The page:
Saturated Fat In The Blood Made Worse By Low-Fat Not Low-Carb Diet, Researchers Say

Filed under: Study — @ December 3, 2007

Dr. Jeff Volek says controlling insulin is vital to blood lipids

A little over two years ago, I shared with you this study on the connection between metabolic syndrome and livin’ la vida low-carb. The researchers were Dr. Jeff Volek from the University of Connecticut and Dr. Richard Feinman from SUNY Downstate Medical Center in Brooklyn, NY and they were absolutely fascinated by the rather obvious intertwining of a natural dietary approach like low-carb improving virtually every single area of metabolic syndrome (a precursor to diabetes, heart disease and stroke), including obesity, high triglycerides, low HDL “good” cholesterol, high blood sugar, hypertension and insulin resistance.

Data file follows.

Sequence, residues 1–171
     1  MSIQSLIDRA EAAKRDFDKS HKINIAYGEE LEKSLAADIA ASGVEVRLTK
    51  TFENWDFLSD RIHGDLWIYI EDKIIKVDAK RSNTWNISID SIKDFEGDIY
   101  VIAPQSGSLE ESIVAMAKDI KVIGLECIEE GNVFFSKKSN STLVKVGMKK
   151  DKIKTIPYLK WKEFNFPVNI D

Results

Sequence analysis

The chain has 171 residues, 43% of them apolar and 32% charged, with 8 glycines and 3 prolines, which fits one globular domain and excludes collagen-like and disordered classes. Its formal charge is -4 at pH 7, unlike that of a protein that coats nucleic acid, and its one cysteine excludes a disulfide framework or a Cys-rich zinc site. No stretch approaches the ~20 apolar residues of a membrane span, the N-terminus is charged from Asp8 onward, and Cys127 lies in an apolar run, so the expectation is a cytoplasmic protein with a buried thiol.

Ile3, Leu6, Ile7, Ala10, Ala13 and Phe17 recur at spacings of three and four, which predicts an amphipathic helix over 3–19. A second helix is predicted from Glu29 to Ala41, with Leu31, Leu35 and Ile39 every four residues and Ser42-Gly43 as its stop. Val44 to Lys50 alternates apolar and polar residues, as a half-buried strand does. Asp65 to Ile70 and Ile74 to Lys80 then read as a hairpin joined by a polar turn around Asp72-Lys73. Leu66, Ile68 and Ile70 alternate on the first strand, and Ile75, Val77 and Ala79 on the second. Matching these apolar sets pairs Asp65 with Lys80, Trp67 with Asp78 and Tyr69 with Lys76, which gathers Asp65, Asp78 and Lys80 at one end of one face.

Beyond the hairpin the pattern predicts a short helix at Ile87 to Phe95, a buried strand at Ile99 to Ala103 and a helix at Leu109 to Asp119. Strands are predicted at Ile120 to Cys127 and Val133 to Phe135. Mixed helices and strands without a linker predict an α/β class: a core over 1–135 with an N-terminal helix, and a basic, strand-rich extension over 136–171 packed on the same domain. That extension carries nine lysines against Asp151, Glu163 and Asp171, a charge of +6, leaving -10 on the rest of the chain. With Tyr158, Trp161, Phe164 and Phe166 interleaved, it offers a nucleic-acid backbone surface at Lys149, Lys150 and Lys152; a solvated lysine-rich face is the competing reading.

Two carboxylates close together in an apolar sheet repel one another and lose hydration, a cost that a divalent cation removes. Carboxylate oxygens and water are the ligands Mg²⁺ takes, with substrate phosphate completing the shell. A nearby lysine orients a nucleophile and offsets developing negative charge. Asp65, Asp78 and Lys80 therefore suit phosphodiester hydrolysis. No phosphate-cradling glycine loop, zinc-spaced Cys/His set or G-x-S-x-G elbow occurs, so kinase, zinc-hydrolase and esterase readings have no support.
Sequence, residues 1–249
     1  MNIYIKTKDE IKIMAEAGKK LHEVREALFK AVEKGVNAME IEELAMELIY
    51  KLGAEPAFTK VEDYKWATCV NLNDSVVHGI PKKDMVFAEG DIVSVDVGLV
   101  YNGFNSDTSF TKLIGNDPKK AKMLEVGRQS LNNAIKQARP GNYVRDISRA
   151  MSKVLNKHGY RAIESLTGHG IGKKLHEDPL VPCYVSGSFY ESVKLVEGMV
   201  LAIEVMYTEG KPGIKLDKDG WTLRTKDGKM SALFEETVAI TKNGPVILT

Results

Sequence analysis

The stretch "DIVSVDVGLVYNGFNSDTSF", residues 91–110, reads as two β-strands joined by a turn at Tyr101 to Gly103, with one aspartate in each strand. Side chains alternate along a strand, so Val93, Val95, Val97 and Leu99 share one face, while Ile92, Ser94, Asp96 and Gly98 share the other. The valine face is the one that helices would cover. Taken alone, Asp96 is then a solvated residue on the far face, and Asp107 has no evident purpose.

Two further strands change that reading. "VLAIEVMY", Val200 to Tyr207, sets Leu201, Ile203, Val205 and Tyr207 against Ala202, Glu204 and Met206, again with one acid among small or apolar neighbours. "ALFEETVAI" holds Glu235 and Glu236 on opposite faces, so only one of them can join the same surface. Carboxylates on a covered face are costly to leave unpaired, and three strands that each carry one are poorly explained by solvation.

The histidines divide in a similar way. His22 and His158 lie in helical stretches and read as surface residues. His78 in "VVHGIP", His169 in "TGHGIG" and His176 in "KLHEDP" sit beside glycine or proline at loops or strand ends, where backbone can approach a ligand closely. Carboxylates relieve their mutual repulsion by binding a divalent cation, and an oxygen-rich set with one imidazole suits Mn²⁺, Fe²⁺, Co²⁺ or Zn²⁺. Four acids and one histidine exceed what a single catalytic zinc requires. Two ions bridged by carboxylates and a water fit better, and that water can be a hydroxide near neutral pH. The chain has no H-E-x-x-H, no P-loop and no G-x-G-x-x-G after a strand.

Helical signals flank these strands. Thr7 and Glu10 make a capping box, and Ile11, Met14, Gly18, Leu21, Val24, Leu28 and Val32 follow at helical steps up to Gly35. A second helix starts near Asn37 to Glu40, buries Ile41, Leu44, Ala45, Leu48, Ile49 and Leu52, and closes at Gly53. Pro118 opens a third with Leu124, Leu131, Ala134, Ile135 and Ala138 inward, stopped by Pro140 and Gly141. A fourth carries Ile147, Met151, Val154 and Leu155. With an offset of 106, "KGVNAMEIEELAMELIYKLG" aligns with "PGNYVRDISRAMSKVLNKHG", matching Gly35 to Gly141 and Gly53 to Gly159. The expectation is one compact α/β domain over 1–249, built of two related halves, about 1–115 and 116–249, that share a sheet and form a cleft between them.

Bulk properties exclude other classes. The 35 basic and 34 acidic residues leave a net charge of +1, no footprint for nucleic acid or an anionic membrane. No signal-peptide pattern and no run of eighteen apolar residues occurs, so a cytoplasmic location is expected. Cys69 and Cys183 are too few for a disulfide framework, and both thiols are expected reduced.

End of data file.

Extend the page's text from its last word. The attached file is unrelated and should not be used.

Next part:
Now there is brand new research from these same two researchers with something quite startling regarding a comparison between a low-fat and a low-carb diet as it relates to inflammation and saturated fat in the bloodstream.

Lead researcher Dr. Jeff S. Volek, PhD, RD from the Department of Kinesiology at the University of Connecticut and his team of outstanding researchers (including Dr. Feinman, Dr. Stephen Phinney, and the soon-to-be Dr. Cassandra Forsythe, among others) tested the various components of metabolic syndrome comparing a carbohydrate-restricted diet with a low-fat diet in overweight men and women over a 12-week period. The study participants were split into one of two groups:

VLCKD (very low-carb ketogenic diet)–1504 calories
Fat/Protein/Carbohydrate ratio of 59/28/12


LFD (low-fat diet)–1478 calories
Fat/Protein/Carbohydrate ration of 24/20/56

What did Dr. Volek and his team of researchers find? Learn all about the surprising results of this outstanding research by clicking here.


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